Cold reality: Growth no longer uncontested
Nearly 500 attended. I will never forget what I saw from the stage. I asked how much they slept and the average was less than three hours. I got two. Then I had to tell them that reality in sports had caught up with the trends we were seeing, that sports in America, and the world, is in systemic decline. But what I saw in their eyes was not fear. I saw calm attentiveness. And I saw the kind of resilience that moves forward in the face of change.
The headline in The New York Times read: “TV Viewership Falls in NFL and Premier League: A Blip, or Something Worse?” Less than a week later, the top of the banner for the Financial Times (London) read: “Early-season TV viewing has dipped. Is it merely a blip or something more serious for broadcasters?”
The blip myth: The elections, protests or the Olympics being aired in the same time zone as core American sports are causing these declines and once those blips are gone, everything will return to normal. It isn’t a blip or something serious, it is both.
|Luker’s presentation came the morning after the presidential election.
But there is something much worse: Interest and engagement in sports has been declining for more than 10 years, powerfully in the last five. This year is the first year the impact of those declines is being realized. These declines will not, cannot, go away. They are not caused by blips. They are caused mostly by an onslaught of options made possible by new technologies that will only grow in number and quality of experience over time.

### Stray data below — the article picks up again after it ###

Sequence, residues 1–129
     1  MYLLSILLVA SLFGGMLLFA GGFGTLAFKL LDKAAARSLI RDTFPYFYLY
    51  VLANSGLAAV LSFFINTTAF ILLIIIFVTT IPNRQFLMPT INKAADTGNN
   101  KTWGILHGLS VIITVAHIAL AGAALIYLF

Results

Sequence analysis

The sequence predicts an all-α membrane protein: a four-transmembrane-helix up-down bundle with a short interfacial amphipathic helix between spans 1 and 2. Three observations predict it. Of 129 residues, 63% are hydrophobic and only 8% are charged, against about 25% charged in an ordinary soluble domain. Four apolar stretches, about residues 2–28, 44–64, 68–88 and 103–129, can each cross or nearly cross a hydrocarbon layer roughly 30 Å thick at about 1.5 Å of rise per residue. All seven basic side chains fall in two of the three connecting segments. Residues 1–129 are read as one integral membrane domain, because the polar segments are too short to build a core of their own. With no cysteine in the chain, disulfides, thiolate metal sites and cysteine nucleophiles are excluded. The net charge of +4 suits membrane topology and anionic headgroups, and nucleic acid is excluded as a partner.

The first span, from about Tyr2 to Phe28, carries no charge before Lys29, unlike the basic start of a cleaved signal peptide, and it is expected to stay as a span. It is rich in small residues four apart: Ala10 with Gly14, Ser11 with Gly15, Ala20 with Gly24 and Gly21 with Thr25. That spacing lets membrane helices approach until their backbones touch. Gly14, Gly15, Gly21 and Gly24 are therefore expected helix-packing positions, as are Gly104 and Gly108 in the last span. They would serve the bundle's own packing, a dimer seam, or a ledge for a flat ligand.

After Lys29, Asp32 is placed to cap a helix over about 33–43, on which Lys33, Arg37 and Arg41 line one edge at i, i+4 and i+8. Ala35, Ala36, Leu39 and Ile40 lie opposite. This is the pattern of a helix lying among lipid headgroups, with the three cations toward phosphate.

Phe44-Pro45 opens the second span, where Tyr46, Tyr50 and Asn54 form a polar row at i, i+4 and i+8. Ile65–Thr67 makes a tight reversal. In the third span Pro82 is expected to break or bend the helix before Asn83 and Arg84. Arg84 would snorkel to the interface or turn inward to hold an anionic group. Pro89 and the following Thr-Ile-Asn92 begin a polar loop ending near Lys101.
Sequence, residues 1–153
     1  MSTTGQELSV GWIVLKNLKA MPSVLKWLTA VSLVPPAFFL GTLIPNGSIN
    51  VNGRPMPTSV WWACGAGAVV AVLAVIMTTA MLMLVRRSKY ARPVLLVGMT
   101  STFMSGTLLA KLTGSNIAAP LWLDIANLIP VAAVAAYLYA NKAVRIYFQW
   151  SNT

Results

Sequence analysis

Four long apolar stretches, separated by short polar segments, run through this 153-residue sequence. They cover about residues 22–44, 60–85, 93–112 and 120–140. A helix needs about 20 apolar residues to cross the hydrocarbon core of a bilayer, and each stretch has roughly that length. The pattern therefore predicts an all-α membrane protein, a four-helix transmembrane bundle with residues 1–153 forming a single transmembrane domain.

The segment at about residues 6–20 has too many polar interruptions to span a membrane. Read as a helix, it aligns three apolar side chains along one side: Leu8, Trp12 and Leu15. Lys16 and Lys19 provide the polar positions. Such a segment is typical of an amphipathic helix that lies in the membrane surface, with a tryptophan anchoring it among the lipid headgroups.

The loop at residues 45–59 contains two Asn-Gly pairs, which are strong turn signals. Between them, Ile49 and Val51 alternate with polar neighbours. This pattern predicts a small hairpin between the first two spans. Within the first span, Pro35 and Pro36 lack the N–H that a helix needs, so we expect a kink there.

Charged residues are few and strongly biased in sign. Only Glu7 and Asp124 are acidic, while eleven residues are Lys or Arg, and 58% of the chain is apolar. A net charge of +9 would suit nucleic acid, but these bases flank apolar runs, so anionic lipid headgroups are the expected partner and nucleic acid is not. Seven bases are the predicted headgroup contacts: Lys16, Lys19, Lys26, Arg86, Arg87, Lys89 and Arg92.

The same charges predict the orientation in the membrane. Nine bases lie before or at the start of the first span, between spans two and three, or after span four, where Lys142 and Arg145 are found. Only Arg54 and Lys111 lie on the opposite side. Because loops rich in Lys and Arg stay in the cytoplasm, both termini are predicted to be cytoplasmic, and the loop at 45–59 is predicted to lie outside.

The generations chart paints a dire picture. Twenty years ago 49 of 100 millennials were avid sports fans in general. Today it is 32 of 100, a loss of roughly one-third of all millennial avid fans. We have seen this coming. The reason it took this long for reality to catch up with interest is that, at the same time millennials were declining, older generations were uncharacteristically increasing in interest, and women, in general, were getting more engaged with sports. Their behaviors masked the declines of younger fans so sports saw increasing revenue from year to year. The “something worse” is that this is only the start of this decline because it is being led by the next generation, not the aging generations.
U.S. marketing, and American sports, are addicted to millennials, the very people we are losing. The reality is, if you want to benefit from the marketing value of millennials in sports, they have to be fans in the first place. The industry — the properties, teams, players, media and others — are responsible for making sports a more compelling option at a time when there are now more than a million other options for what they can do in their free time.
Being a sports fan can become part of a lifetime identity. At its best, the love of a team extends for generations of families. That bond is not the instant gratification that comes with new technology options. It is built with time, dedication, commitment and relationship. These fans built sports. Sports have not built these fans. How can we expect millennials and the next generation to engage in sports if we are not as fully engaged with them as generations of fans have been invested in us? What are we doing to invest in each fan to earn their belonging to a team or favorite sport?
If we want to keep the fans we have and encourage them to maintain the love of sports for generations to come, we need to stop making excuses about blips and face the reality sports is no longer an uncontested growth industry.
As shocking as this election was, for Republicans and Democrats alike, it was a reality check for every American asking a fundamental question “Who are we?” At 9:30 a.m. on Nov. 9, I asked 500 industry leaders that same question about sports. I saw weary resilience in the eyes looking back at me. This is tough. We are tougher. But only if we accept reality.
Rich Luker (firstname.lastname@example.org) is the founder of Luker on Trends and the ESPN Sports Poll.